The market for occupational pensions in Austria offers a sizeable margin of growth for established firms able to take advantage of opportunities by finding synergies with start-ups, according to panellists at an online occupational pension event organized by Insurtech Finabro.
Manfred Bartalszky, member of the board of directors at the Vienna Insurance Group, said there is “great potential” in this arena, adding that the company has motivation to bring occupational pensions to the market with other partners.
According to a survey conducted by the group, 37% of respondents do not believe in state pensions, while 70% do not believe that living standards can be covered by state pensions.
For Martin Sardelic, chief executive officer of Valida Holding, occupational pensions have shown “little to no” progress in the last few years, adding that the next generations will bear the costs of financing pensions.
Sardelic said that two important aspects to focus on for occupational pensions are the underrepresentation of women and the level of their average pension that is “massively low”, while a first pillar system faces “massive risks”.
For Wolfgang Weisz, head of occupational pensions at Allianz Austria, the insurance industry is tasked with finding solutions for parties interested in occupational pensions, often perceived as complex, but with “a lot of benefit for employees and employers.”
Asked about the Austrian population’s perception of the second pillar system, companies and decision-makers in general, the CEO of Finabro, Søren Obling, said he also sees “a great potential for catching-up”.
“The topic of occupational pensions is not a must have yet in the industry,” he said, comparing Austria with Denmark where it is “unimaginable” to get a job without an occupational pension.
“We have a great opportunity as an industry – we are big enough, we have enough innovative strength” to address the younger generation in particular on occupational pensions, he said.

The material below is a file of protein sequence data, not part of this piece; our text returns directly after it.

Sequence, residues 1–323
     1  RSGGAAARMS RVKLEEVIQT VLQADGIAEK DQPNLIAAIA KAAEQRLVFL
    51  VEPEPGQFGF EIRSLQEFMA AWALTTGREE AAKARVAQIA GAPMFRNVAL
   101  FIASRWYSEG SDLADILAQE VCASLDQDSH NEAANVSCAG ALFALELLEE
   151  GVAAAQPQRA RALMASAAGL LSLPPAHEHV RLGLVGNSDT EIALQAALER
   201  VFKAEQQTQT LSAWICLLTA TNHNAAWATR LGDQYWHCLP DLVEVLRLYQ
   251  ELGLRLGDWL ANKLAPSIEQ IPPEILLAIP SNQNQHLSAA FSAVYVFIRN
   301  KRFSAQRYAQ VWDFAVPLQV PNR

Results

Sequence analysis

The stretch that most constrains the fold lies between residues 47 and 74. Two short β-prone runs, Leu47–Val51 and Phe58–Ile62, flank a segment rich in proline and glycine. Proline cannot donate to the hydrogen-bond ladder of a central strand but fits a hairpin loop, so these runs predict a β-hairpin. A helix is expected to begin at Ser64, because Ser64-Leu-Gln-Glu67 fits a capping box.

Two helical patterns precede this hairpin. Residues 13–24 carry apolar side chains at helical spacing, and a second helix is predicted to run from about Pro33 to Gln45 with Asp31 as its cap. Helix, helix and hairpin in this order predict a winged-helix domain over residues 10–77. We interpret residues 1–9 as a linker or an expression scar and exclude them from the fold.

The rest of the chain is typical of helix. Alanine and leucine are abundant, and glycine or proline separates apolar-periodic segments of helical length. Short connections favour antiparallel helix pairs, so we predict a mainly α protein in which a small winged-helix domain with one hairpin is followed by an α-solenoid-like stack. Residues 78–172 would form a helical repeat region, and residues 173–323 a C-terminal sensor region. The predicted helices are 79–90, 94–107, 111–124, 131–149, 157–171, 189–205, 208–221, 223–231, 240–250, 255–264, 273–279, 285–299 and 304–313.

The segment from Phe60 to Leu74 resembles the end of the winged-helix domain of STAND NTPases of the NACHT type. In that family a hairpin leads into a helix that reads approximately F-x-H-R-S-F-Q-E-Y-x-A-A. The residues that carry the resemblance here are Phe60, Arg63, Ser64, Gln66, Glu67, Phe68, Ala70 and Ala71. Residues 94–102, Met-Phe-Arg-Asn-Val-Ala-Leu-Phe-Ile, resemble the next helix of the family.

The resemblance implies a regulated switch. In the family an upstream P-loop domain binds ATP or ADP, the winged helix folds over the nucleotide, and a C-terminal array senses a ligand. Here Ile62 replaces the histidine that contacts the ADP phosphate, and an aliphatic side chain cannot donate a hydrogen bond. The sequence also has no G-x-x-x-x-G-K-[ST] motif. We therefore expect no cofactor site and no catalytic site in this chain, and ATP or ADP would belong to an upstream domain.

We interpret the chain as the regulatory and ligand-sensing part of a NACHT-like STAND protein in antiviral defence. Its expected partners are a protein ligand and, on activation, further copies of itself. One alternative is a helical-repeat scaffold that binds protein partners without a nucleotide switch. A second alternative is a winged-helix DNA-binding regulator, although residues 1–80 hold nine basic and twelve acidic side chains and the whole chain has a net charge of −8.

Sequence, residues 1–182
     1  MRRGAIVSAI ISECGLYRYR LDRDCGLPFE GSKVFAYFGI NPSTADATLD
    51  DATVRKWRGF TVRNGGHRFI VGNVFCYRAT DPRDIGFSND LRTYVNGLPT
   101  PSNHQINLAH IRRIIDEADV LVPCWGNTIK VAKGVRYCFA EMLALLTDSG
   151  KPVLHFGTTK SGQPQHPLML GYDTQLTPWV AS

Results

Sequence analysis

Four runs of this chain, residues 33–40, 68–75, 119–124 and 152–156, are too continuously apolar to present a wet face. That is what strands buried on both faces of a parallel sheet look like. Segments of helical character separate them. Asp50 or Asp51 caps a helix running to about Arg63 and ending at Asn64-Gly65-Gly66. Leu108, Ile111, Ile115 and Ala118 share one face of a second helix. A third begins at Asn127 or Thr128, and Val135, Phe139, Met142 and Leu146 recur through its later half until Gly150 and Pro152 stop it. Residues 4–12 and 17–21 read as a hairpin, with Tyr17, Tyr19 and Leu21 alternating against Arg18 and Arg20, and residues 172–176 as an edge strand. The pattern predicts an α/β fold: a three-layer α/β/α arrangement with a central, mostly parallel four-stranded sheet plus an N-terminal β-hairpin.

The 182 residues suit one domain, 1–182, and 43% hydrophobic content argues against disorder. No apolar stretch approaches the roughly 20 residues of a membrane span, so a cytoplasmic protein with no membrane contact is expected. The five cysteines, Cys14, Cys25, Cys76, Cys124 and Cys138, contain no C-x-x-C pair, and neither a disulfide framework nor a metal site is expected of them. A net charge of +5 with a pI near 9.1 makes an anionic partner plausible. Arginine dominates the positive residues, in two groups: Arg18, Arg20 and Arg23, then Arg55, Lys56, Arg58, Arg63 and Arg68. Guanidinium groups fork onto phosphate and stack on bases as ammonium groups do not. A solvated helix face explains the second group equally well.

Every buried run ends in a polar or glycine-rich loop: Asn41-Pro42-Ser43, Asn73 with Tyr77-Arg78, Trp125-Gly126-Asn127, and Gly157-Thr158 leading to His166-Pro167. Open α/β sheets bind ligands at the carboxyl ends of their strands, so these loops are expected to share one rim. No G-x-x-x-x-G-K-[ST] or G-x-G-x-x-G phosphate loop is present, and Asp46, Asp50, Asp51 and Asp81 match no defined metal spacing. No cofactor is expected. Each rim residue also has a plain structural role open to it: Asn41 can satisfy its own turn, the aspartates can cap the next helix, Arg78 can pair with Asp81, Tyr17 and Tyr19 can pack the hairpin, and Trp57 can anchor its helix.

The financial stability of the Austrian pension system raises the question of reforms, their impact on younger generations and the role of the industry to promote change.
The associations and the industry overall work incessantly to bring about changes, “unfortunately at the moment other issues have priority. But we will not give up,” Bartalszky said.
One concrete proposal relates to employees’ right to claim deferred compensation on occupational pensions, akin to the German model, and “with good wind we will succeed [on passing the proposal] in Austria”, Weisz said.
Obling sees room for a new type of communication with the population but also with the government on reforms. “Our mission as a start-up is to come up with new proposals” so that the attention on the subject remains high, he added.
Finabro believes it makes sense to work together with large players to digitally support the advisory process on occupational pensions, or streamline administrative work.
“In our business model, we have found ways not only to convince employees but also in the execution [of occupational pensions],” Obling said.
The pandemic has accelerated changes and opened new perspectives on the use of digital tools for internal business operations and external customer service.
Jochen Zöschg, member of the board at Zurich Insurance, said the COVID-19 pandemic had forced many to implement digital measures, but believes in a “smart mix between digital and analogue” advisory work.
“Start-ups can provide us with a lot on something where we are stuck on, where we have been in the same corner for 30-40 years,” he added.
Bartalszky believes that the shift to “pure 100% digitization will not happen”, however the crisis has pushed for a faster transition to digitization.
The pandemic has been a game-changer in particular for the acceptance of digitization in business models, Sorderlic noted.